Goal of gamification

Main goal: Increase adoption of the learning portal, training products and ultimately selling more software licenses.

Supporting goals:

  • Motivate learners to reach their goals and participate in ongoing learning.
  • Promote learning portal features that might not be discovered.

Gamification design

In an effort to create an adaptable experience there were two learning paths that users may choose to opt into.  The learning adventure is fully featured with a storyline and themed components, challenges, points, leaderboard, guided progress map and walk-me pop ups for feedback.  The learn and earn is a scaled down version. with access to a themed self-paced progress map, leaderboard, points, and badges. 

Main Storyline

The introduction screens establish the storyline for the main theme and first challenge story.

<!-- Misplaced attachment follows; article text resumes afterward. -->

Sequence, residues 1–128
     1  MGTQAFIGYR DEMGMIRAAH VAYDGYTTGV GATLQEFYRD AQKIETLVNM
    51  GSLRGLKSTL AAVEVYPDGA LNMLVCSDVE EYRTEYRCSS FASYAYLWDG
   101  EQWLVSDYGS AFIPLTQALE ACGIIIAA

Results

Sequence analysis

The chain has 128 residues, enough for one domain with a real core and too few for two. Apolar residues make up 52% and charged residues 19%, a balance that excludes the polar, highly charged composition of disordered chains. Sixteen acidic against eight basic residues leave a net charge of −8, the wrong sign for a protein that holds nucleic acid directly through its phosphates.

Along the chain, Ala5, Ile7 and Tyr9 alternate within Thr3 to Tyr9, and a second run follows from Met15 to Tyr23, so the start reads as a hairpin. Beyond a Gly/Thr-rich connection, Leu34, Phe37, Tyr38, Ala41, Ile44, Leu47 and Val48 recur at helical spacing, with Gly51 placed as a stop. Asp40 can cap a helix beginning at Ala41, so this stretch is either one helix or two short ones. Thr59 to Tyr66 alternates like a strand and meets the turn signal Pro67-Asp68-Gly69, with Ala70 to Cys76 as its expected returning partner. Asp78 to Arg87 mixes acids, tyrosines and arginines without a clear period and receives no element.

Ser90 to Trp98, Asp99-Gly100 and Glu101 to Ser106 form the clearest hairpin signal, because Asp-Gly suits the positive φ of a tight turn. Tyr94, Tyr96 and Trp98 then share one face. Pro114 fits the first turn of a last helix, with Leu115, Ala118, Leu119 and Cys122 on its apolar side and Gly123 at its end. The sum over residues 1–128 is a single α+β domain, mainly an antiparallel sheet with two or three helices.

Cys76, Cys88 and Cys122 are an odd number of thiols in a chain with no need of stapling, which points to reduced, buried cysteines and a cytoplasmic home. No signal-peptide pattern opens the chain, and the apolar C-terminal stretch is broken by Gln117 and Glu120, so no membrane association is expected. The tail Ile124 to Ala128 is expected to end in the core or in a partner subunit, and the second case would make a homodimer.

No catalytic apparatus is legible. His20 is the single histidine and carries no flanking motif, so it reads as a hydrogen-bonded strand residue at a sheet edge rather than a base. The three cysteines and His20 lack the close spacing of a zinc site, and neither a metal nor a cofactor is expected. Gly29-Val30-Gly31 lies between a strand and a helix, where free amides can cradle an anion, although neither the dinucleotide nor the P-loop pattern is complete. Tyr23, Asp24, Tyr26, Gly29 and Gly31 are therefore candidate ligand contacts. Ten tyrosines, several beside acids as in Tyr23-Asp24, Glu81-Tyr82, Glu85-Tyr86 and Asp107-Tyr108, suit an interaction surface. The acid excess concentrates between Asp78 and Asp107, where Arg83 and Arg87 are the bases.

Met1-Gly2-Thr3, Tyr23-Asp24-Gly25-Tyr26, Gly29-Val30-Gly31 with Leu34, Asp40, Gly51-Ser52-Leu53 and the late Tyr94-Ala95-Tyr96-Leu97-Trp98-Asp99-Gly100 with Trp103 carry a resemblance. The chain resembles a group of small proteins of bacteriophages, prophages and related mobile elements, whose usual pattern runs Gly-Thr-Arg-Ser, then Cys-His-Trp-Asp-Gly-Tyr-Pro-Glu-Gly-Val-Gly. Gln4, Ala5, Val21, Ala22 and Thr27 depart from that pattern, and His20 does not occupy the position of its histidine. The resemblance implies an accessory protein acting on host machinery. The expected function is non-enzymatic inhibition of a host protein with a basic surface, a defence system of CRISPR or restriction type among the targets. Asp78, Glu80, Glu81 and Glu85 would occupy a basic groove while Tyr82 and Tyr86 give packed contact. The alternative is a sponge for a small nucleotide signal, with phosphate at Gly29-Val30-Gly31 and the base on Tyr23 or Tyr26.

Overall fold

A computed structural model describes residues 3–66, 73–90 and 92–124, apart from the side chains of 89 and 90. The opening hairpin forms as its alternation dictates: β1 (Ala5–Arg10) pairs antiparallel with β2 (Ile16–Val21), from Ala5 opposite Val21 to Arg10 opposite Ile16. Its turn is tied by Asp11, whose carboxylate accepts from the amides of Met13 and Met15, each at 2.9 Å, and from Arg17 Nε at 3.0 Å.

The challenge to save all learning servers on earth is introduced. Learners are asked to earn their own superpowers to help in the effort.

User Personas are introduced, each varying in superpowers and characteristics. The completed list of personas will include a more diverse array of characters, to make it easier for learners to find a relatable persona.

Finally the first challenge begins. Challenge introductions, and major milestones will include a more collaborative dialog between personas.

The point of the first challenge is to become familiar with components of the gamification, and a basic walk through of the learning portal.

After completion of tasks a dot will light up on the progress map. As milestones are achieved earned badges will begin to light up.

Prompts will pop-up after completion of each task. These prompts will congratulate, motivate and guide learners to next steps.